A cancer patient named Tippens made headlines when he claimed that fenben (a common anthelmintic drug) had cured his tumor. But while his anecdotal story is intriguing, it’s important to remember that there’s no evidence that fenben actually cures cancer. To arrive at any such conclusion, researchers need to perform randomized controlled trials involving hundreds of patients.
The anthelmintic drug fenbendazole interferes with the microtubules that keep chromosomes lined up in prophase and then evenly separated during anaphase. This process is essential for cell division. However, it also allows cancer cells to divide more quickly than normal cells and can lead to their acquiring mutations that make them resistant to chemotherapy drugs.
Fenbendazole can slow cancer cell growth in laboratory cultures and animals, but it hasn’t been shown to kill tumors in humans. Furthermore, because it has side effects that include hair loss and gastrointestinal upset, most doctors don’t prescribe it.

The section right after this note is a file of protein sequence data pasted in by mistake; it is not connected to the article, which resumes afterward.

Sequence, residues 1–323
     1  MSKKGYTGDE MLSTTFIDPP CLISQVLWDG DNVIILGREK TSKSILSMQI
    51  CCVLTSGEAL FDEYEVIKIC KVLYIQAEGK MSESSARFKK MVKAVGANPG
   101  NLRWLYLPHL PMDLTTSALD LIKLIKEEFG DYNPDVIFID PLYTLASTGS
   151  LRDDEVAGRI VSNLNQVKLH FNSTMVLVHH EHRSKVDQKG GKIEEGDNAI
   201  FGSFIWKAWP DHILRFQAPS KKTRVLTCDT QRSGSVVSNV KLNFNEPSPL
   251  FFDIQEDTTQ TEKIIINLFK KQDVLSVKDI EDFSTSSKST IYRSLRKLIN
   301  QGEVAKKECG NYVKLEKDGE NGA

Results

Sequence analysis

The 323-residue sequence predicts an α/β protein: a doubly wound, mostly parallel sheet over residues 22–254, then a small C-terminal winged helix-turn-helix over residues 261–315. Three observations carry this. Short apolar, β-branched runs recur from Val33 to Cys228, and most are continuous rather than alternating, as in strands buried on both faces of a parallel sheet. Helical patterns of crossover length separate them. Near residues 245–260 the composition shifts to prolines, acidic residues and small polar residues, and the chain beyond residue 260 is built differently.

In human colorectal cancer cells, fenbendazole induces time-dependent anti-proliferative effects. Cyclin B1 levels went down after 40 and 48 h of treatment, accompanied by an increase in the percentage of apoptotic cells. The phosphor/total form of p53 was increased in both SNU-C5 and SNU-C5/5-FUR cells. At the same time, mTOR activity was reduced and autophagy and ferroptosis were upregulated.
When fenbendazole was given orally to athymic nude mice xenografted with A549 tumors, the drug significantly decreased tumor size and weight. It also inhibited glucose uptake in tumor cells by down regulation of GLUT transporters and key glycolytic enzymes. Moreover, the drug reduced tumor vascularity by measuring hemoglobin content in tumors. fenben cancer treatment